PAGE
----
Mozilla, Google bemoan Windows RT browser lockdown


— 9:46 AM on May 10, 2012

The ARM version of Windows 8 (a.k.a. Windows RT) is meant to feature both the Metro and Desktop environments, and in Microsoft's words, it's supposed to "feel just like using Windows 8 on x86/64." But there might be one teeny little difference. According to Mozilla, Windows RT won't support browsers other than IE in Desktop mode:

It’s reported that Windows RT (the name Microsoft has given to Windows running on the ARM processor) will have two environments, a Windows Classic environment and a Metro environment for apps. However, Windows on ARM prohibits any browser except for Internet Explorer from running in the privileged “Windows Classic” environment. In practice, this means that only Internet Explorer will be able to perform many of the advanced computing functions vital to modern browsers in terms of speed, stability, and security to which users have grown accustomed. Given that IE can run in Windows on ARM, there is no technical reason to conclude other browsers can’t do the same.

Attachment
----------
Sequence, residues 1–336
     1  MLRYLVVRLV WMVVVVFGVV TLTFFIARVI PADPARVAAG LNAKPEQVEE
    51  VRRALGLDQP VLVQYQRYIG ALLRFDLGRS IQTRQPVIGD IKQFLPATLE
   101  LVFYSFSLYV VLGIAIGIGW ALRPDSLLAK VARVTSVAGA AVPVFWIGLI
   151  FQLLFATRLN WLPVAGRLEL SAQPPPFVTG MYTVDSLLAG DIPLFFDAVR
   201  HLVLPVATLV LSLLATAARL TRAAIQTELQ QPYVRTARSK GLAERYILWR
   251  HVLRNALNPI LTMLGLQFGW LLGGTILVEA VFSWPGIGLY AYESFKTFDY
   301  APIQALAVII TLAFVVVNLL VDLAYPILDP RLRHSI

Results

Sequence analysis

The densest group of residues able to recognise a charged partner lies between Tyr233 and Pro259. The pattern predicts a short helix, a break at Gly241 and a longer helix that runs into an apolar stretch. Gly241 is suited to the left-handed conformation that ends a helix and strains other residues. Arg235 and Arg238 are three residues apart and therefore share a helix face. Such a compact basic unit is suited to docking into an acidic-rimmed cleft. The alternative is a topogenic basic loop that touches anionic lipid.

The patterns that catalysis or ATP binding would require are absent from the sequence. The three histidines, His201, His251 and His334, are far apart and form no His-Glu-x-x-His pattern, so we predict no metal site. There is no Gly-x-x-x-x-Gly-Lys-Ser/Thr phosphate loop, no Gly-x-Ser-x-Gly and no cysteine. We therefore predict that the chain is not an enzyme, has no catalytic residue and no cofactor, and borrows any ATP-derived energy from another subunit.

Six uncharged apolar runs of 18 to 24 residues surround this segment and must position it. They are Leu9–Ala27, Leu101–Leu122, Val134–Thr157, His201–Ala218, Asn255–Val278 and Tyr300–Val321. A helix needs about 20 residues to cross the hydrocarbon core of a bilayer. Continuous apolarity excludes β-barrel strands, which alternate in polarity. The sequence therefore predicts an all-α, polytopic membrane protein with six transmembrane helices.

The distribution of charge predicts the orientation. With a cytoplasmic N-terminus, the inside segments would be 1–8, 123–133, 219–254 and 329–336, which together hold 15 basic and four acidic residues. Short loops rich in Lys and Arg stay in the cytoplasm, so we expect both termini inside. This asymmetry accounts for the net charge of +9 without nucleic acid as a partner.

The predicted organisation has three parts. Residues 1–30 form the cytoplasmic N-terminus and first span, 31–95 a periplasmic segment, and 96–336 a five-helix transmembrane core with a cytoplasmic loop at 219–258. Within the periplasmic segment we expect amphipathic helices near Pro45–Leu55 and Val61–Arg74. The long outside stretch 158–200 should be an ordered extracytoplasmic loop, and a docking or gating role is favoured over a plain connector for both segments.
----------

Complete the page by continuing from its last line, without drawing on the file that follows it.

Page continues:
Mozilla is understandably unhappy about the restriction. It claims Windows RT "restricts user choice, reduces competition and chills innovation," and it adds that the lockdown "may also have antitrust implications." Turns out that the blog post decrying the restriction was written by Mozilla's General Counsel, Harvey Anderson. Ouch.

According to CNet News, it's not just Mozilla that's miffed—Google is, too. Here's the search giant's statement on the subject:

We share the concerns Mozilla has raised regarding the Windows 8 environment restricting user choice and innovation. We've always welcomed innovation in the browser space across all platforms and strongly believe that having great competitors makes us all work harder. In the end, consumers and developers benefit the most from robust competition.

I don't know how much sway Mozilla and Google have over the Windows team's decisions, but I do hope Microsoft lets up. I love the idea of having a full version of Windows running on an ARM devices. I think the experience would be marred by arbitrary restrictions like this one, though.

   
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